I have been living in my study these last few weeks for many hours of the day. It is a beautiful serene space where I am surrounded by walls of books reaching to the ceiling. Many much beloved volumes read and many with so much potential, waiting to be opened, waiting to be devoured.

I have so wanted to properly catalogue and curate the works and yet I am comforted by the cushion of words surrounding me in their still and random order .

Today I looked up the shelves, not at the shelves and saw on the tenth and upper level of shelving, unreachable except by our library ladder, our collection of old photograph albums with their cracked spines and peeling labels. Albums which have been the repository of so many experiences, these tomes that are custodians of loved ones no longer, images that are also playing hostage to my youth, my growth from a girl to a young woman, a bride and then a mother. Family celebrations and milestones and so many people are all contained within these yellowed pages.

It has made me realise too that no photo albums record my role as a grandmother as we entered the digital age – an age with so many fleeting images yet so little permanence.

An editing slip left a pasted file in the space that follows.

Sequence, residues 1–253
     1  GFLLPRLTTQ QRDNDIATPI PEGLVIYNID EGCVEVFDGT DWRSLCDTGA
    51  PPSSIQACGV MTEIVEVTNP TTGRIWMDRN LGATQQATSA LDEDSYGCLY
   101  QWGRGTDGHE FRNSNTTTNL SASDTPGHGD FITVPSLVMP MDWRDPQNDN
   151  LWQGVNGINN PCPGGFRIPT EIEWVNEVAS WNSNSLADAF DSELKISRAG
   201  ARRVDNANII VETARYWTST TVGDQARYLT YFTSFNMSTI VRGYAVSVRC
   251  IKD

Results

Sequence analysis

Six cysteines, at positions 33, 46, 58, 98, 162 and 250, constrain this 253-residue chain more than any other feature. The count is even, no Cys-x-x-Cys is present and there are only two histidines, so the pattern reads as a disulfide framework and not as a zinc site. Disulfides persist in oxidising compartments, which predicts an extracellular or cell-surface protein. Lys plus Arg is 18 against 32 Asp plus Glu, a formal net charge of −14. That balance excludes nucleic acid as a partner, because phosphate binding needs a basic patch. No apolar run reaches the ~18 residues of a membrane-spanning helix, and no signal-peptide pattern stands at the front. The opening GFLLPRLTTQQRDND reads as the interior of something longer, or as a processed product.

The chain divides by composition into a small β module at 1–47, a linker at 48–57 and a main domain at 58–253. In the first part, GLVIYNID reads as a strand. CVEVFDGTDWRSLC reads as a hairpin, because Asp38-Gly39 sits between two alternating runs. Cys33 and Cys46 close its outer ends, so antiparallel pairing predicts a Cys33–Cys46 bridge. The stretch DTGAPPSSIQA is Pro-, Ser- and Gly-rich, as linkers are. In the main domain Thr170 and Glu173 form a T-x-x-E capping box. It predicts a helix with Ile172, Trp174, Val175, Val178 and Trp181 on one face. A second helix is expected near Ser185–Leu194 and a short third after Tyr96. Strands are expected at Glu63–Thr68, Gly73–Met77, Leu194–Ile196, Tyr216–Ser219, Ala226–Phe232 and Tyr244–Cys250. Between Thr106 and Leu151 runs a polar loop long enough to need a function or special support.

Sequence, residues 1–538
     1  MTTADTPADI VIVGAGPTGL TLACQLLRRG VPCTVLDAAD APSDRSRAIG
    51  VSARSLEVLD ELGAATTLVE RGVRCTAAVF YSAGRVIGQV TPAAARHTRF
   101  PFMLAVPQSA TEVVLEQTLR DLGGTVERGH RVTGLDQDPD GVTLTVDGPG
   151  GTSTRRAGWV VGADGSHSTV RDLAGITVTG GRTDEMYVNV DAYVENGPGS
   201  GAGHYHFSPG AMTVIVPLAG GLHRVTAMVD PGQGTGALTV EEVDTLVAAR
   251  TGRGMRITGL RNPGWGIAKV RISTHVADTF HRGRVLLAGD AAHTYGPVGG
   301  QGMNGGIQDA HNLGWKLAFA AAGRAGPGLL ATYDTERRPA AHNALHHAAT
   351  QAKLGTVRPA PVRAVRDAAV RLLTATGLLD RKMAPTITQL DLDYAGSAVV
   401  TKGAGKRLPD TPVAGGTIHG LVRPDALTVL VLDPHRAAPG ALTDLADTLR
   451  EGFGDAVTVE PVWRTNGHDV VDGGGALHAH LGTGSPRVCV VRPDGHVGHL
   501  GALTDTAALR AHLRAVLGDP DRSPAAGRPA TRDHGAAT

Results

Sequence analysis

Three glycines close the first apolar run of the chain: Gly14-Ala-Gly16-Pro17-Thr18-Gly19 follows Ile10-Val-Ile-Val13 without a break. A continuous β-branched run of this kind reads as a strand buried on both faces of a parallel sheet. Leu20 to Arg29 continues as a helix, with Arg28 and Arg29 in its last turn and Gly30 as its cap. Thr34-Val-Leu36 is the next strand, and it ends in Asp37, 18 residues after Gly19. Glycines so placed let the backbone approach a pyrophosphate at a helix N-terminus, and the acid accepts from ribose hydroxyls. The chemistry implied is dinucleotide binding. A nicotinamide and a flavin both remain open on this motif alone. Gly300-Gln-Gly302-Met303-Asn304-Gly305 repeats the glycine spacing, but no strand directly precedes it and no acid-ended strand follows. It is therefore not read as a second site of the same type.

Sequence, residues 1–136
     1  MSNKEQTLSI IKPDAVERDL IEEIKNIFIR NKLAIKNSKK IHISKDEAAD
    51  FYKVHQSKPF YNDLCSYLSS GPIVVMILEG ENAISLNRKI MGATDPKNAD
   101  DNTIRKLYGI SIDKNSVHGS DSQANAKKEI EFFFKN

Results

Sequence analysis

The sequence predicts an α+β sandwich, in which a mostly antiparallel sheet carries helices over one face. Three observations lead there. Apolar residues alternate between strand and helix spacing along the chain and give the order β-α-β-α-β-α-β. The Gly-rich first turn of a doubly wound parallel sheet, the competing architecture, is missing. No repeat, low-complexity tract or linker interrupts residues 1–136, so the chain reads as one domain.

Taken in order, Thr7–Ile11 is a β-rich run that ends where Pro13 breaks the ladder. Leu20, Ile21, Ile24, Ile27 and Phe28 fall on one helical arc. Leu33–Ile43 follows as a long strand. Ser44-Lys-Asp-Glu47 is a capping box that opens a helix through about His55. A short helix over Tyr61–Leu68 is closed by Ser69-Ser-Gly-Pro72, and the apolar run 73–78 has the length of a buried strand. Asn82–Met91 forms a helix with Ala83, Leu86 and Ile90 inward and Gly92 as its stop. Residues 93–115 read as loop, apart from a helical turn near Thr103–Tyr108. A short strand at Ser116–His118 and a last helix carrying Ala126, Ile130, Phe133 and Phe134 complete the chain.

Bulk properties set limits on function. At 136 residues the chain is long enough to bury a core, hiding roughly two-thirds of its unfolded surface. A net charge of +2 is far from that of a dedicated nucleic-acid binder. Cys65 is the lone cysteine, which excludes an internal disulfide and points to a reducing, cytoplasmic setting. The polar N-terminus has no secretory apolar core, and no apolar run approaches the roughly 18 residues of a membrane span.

And it is these old albums that have triggered such a yearning for those earlier days, when we were encircled by dreams of tomorrow, so much becoming, so much evolving. I can see in my mind’s eye my children revealing themselves already at such a young age and I weep with the joy of seeing who they have now become.

The photo is that talisman that allows me to enter yesterday. But in these COVID days, family is as far away as those times and as unreachable as the albums, perched as they are on that inaccessible shelf.

Perhaps all I can do is dream of the many tomorrows that will be and create that photo album in my mind to carry with me always.

There is something so reassuring though to have my life cocooned in these albums, revealing a time of yesterday while I can still dream of tomorrows. Today I will climb up that library ladder and open up some of those albums and re-enter a life that seems so far away and yet remains so vivid.

Perhaps one day that’s how I will feel about 2020.

Article by Author/s
Leah Justin
When not preoccupied with her 8 grandchildren Leah Justin is the Community Education coordinator at the Jewish Museum of Australia. She is also the cofounder of the Justin Art House Museum.

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